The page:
How often do you ask this? More importantly, how often did you ask this? Wondering and asking "why" is a powerful determinant of creativity. Ironically, it's something we "breed" out of our children when they're young. I think it's mostly because adults get tired of being asked it at home, and when they're in school, it's because teachers (also adults I suppose) are also tired of being asked.
Sir Ken Robinson (if you haven't seen him speak, click on the image to the right; if you have seen it, click anyway - I've watched it at least 4-5 times) defines creativity as "the process of having original ideas that have value." He argues that creativity should be as important in schools as literacy.
Sir Ken further argues (I couldn't agree more) that our schools in their ever-mechanical approach actually extract creativity from our children because of the way they measure "achievement," how they "enforce" discipline and adherence to structure, and worst how the "wrong" answer or approach is so actively discouraged as to impede the emergence of anything but a bland, conformist child. "If you are not prepared to be wrong, you will never come up with anything original."
Newsweek published The Creativity Crisis this month, where among other things, they talk about the correlation between a student's score on the Torrance Tests of Creative Thinking and their "success" in life (entrepreneurs, inventors, college presidents, authors, doctors, diplomats, and software developers).
I've written here and here about how the values and needs of the industrial revolution have polluted the idea of a public education being about helping every child achieve their greatest self. As I stated during a recent interview on edReformer: "It feels like Education America has become an end unto itself – i.e. the system is less about whether children graduate prepared for the world vs. whether they went through the process of going to the school. The former is righteous, the latter smacks of too many administrators and mid-level bureaucrats getting in the way of people with a legitimate desire to help our children be the best they can be."
Voices like that of Sir Ken, and Po Bronson and Ashley Merryman (authors of the Newsweek article) are important, but not enough if the goal is to reshape Education America or any other country's system.
The most critical voices are parents and employers. The former because they are (or are supposed to be) their children's advocates, and because they are voters and hence valuable to elected officials. The latter because they are the "reason" that education exists in the mind of most people/parents (to prepare kids to earn money). In effect, the employer has the real power, and the parent is one of the strongest advocates of their needs.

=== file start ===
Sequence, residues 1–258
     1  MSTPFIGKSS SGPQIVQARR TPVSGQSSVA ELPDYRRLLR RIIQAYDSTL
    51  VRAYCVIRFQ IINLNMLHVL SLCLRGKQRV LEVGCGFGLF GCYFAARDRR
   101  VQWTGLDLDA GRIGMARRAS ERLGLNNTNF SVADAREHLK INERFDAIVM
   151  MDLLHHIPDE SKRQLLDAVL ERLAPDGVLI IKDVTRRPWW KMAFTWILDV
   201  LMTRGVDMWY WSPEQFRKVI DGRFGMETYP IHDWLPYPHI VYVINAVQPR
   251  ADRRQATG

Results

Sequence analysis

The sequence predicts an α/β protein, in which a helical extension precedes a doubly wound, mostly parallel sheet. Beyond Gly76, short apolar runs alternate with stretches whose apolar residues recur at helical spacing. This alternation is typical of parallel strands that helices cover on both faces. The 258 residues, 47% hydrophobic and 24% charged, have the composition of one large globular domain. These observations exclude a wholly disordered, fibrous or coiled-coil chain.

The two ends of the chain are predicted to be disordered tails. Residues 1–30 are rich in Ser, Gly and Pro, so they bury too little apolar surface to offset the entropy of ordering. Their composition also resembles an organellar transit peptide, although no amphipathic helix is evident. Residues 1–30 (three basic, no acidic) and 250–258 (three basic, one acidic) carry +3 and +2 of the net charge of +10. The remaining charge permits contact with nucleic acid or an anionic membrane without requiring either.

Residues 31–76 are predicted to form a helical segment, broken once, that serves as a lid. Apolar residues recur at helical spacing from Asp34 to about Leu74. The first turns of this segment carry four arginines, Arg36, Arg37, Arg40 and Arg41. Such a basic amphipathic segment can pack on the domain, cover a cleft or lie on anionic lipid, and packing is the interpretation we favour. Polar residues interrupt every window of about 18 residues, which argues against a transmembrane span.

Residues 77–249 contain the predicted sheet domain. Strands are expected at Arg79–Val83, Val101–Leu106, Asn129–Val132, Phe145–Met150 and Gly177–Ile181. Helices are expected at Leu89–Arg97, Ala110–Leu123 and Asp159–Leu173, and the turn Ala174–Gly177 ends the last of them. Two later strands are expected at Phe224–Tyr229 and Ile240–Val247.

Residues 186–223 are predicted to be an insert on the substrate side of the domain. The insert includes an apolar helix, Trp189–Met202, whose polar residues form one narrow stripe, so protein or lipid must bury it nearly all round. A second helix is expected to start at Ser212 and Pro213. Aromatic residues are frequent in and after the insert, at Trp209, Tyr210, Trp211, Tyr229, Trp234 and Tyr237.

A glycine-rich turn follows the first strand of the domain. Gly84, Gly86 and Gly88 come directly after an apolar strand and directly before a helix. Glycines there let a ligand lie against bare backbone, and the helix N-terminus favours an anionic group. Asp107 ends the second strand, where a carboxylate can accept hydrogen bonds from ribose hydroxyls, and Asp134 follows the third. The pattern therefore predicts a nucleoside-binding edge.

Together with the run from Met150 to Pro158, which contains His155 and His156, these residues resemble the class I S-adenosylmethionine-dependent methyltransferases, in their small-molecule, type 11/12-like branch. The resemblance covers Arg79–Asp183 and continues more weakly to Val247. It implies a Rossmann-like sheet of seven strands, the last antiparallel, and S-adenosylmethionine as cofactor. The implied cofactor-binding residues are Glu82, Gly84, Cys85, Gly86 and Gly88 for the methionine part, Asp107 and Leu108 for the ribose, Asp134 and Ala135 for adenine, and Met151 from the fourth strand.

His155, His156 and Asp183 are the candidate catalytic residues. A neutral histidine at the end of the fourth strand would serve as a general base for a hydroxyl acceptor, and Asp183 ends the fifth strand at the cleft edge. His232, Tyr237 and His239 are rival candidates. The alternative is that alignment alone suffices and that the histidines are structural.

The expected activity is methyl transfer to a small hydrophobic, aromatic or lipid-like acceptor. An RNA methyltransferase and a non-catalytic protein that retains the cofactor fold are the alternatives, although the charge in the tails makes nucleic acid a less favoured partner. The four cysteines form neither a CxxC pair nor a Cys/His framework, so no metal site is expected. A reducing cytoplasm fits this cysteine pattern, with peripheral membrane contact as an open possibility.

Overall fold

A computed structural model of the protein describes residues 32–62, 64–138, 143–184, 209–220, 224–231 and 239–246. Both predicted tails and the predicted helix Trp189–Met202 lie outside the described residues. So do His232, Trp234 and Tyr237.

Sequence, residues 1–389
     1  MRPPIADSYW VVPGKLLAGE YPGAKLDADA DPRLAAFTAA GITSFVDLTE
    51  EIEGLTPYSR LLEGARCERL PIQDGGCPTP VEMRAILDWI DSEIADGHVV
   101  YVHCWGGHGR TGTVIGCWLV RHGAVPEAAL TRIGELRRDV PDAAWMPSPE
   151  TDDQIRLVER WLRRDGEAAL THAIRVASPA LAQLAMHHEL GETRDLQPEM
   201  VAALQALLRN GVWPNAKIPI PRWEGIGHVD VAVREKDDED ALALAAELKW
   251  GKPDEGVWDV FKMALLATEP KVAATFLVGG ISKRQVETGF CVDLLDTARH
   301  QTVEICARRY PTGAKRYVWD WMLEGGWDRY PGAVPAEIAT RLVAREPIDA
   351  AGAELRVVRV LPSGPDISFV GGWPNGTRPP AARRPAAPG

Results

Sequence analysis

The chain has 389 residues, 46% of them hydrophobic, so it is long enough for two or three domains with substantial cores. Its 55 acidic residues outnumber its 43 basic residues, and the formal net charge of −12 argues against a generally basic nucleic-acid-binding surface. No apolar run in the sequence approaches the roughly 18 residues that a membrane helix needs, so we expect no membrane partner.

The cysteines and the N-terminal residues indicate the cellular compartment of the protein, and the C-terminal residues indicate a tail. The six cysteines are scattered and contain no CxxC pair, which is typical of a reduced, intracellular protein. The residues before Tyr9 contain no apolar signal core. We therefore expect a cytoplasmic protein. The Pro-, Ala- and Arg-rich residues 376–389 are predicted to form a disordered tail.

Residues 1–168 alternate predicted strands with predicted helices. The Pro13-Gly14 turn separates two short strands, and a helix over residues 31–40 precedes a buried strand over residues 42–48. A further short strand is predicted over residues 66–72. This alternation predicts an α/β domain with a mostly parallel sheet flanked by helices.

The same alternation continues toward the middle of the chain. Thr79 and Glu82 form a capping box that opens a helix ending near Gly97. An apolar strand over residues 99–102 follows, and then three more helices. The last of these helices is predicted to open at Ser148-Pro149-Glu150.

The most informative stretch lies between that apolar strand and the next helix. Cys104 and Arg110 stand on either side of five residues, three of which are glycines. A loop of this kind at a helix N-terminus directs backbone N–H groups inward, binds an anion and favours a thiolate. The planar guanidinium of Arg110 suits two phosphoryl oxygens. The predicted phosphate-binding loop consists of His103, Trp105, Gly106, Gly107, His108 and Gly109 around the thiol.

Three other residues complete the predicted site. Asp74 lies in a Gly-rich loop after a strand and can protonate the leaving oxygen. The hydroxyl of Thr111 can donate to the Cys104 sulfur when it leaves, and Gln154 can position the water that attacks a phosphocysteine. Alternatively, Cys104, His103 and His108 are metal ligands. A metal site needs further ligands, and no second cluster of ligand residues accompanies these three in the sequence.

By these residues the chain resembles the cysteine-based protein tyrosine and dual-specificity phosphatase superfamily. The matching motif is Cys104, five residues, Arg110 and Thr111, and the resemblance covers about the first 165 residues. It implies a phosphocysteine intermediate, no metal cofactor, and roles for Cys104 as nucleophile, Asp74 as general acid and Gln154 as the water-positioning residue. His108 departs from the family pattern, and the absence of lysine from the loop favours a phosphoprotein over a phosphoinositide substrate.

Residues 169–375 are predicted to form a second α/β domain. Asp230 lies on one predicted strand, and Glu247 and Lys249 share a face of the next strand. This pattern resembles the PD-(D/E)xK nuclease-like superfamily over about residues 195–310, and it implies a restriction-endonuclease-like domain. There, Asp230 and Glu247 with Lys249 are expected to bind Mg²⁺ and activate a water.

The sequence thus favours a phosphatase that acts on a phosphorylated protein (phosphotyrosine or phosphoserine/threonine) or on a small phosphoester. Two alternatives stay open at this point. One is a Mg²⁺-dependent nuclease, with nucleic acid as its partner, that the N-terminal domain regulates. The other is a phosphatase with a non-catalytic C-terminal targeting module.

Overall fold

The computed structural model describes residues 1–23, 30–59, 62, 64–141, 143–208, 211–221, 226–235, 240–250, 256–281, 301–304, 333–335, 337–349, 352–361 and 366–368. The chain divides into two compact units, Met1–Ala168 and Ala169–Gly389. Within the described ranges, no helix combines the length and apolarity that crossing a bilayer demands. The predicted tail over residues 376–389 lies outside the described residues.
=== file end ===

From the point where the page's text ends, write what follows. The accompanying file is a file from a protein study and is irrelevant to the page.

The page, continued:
If employers don't want creativity, parents won't demand it in the classroom. If employers stopped hiring graduates of school factories, parents would take action. I had dinner this weekend with two very cool people who work for an education foundation, and we were talking about how difficult it is to affect real change.
What if instead of trying to change teachers or drive common standards or curriculum, etc., these foundations went straight to employers to "help" them become stronger advocates for better job candidates? What if they were able to get these employers eliminate the requirement for an accreditation to get a job? What if they were willing to put a bit more energy into the recruitment and filtering process, but focus on the person and their ability vs. what some piece of paper said they could do?
What if the foundation in question invested in a service that helped candidates better represent their true capabilities and not just what the transcript said? Imagine how by building a whole new way of marrying candidates to employers, a foundation with a relatively small investment could create fundamental change in the education system without ever touching it. Now imagine how parents would glom on to this and push their children, and their children's schools to make sure they were prepared for this new world.
Creativity requires that you be prepared to be wrong; if we're not willing to try new approaches, we will forever live up to Einstein's definition of insanity - doing the same thing over and over again, expecting a different result.